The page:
A standard procedure for reducing aerofoil bending stresses in NGV's has been to join them together at the end platforms into pairs, multiples or even complete rings. For a standard paired vane (constant section) for example, where gas loads are taken out through the casing, the tangential gas bending moments at the outer aerofoil position will be 33% lower than for the corresponding single vane. Reduced deflections and zero tilt of the inner platform in the circumferential plane are additional benefits accruing from multiple vane structures.
A problem arises in designs incorporating tip shrouds welded into pairs. Although with single blades the fundamental natural blade frequencies can be raised well out of the engine operating range by an interfering `Z` shroud, a "welded into pairs" interference shroud would tend to force the blade aerofoils out of the plane of the disk.
In a shrouded aerofoil bladed disk assembly an array of shrouded aerofoil segments are mounted by means of root mountings on the periphery of a rotor disk. The aerofoil blade segments are formed with a root which engages with a root receiving slot formed in the disk periphery. The angular orientation of said root and said slot are formed so the blade segments must be twisted about a disk radius during assembly in order to engage the shroud interlocks. The blade root fixings are machined at the required aerofoil pretwist angle relative to the disk/blade assembly slot. When the `welded into pairs` blades are then assembled into the disk slots, the aerofoils are twisted to the prescribed angle provided the tip shrouds are held in plane. Providing the blade segments are sufficiently stiff the interaction of the notched abutments on the shrouds damp blade vibration over the whole operating range.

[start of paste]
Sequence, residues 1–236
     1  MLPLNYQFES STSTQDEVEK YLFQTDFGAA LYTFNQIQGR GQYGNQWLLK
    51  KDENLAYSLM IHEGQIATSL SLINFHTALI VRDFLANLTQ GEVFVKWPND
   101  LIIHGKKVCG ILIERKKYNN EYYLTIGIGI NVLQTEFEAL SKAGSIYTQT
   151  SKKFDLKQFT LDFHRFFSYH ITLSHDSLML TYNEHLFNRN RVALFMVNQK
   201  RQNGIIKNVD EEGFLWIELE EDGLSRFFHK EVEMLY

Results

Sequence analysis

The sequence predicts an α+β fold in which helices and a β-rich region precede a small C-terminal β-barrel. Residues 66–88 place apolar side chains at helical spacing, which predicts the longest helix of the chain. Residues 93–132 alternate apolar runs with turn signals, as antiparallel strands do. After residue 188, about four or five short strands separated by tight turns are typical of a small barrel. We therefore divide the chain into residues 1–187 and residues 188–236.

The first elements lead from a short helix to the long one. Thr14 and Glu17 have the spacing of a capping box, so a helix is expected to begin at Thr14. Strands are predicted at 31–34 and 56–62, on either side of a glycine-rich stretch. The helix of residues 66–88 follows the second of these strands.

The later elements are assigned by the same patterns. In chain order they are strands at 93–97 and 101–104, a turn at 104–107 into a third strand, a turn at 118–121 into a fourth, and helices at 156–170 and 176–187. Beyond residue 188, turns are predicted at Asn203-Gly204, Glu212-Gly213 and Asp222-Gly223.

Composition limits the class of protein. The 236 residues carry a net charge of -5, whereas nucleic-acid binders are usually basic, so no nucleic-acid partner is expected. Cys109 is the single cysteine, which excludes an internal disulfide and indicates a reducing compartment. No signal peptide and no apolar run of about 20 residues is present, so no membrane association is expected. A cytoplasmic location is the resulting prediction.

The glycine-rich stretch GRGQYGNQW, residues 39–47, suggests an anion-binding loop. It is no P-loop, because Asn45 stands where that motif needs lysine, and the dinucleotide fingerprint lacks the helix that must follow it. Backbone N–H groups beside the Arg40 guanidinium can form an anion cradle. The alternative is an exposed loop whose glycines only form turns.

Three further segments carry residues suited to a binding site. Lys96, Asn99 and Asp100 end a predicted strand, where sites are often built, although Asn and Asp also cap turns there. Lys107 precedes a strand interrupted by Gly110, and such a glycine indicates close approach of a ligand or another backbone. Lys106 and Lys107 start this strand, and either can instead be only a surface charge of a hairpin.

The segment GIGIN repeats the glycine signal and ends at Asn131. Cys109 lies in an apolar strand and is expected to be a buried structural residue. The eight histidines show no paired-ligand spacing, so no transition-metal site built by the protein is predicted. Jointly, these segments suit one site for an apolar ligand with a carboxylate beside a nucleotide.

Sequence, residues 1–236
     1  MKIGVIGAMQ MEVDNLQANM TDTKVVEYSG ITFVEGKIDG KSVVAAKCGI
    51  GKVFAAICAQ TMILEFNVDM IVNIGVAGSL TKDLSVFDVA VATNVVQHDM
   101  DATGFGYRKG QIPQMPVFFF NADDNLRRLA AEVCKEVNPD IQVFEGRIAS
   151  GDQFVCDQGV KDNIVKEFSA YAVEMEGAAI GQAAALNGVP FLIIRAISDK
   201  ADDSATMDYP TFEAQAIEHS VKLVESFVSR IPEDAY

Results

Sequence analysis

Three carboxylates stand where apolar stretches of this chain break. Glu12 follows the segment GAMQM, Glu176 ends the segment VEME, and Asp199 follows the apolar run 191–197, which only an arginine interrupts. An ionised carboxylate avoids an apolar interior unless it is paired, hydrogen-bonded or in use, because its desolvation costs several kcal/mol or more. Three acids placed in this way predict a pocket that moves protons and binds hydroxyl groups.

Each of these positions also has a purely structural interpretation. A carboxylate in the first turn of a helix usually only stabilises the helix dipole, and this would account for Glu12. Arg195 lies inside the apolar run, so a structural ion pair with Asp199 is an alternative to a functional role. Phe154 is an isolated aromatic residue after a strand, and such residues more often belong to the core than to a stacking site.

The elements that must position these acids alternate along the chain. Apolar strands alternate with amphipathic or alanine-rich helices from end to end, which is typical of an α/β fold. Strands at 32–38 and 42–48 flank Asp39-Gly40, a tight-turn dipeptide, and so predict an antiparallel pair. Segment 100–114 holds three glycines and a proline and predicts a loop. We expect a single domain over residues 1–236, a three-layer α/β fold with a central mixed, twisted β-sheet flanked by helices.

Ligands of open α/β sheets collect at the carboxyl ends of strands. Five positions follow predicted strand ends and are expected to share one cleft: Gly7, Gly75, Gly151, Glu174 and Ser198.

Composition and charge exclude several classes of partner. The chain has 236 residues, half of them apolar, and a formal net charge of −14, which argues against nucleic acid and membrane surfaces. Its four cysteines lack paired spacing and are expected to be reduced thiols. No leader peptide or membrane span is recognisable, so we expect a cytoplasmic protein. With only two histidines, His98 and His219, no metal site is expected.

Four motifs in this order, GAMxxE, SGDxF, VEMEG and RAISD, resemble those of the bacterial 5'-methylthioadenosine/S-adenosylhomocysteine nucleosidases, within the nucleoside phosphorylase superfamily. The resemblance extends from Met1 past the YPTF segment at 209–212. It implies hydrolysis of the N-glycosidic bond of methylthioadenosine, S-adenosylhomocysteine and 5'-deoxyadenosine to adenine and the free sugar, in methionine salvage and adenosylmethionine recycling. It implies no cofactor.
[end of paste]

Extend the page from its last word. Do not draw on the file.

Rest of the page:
Any movement out of plane at the shroud position is prevented by incorporating a `Z` notch on the outer side faces of the shroud and dimensioned such that on assembly the shrouds will be in the correct plane.